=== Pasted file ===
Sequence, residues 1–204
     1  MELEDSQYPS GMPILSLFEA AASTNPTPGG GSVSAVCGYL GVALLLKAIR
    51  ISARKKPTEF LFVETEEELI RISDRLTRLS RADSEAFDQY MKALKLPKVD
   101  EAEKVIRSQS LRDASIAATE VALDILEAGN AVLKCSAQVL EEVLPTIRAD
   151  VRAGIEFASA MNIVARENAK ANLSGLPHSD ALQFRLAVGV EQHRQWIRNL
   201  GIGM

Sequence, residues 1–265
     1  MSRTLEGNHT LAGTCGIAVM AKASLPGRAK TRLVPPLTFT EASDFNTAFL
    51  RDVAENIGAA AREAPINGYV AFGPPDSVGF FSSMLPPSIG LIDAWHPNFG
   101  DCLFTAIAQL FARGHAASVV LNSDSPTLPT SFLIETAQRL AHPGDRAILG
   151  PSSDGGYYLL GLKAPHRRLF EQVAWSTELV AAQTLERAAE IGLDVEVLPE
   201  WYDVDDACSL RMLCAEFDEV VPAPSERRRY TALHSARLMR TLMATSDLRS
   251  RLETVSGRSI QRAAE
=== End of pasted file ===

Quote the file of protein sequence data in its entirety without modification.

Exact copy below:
Sequence, residues 1–204
     1  MELEDSQYPS GMPILSLFEA AASTNPTPGG GSVSAVCGYL GVALLLKAIR
    51  ISARKKPTEF LFVETEEELI RISDRLTRLS RADSEAFDQY MKALKLPKVD
   101  EAEKVIRSQS LRDASIAATE VALDILEAGN AVLKCSAQVL EEVLPTIRAD
   151  VRAGIEFASA MNIVARENAK ANLSGLPHSD ALQFRLAVGV EQHRQWIRNL
   201  GIGM

Sequence, residues 1–265
     1  MSRTLEGNHT LAGTCGIAVM AKASLPGRAK TRLVPPLTFT EASDFNTAFL
    51  RDVAENIGAA AREAPINGYV AFGPPDSVGF FSSMLPPSIG LIDAWHPNFG
   101  DCLFTAIAQL FARGHAASVV LNSDSPTLPT SFLIETAQRL AHPGDRAILG
   151  PSSDGGYYLL GLKAPHRRLF EQVAWSTELV AAQTLERAAE IGLDVEVLPE
   201  WYDVDDACSL RMLCAEFDEV VPAPSERRRY TALHSARLMR TLMATSDLRS
   251  RLETVSGRSI QRAAE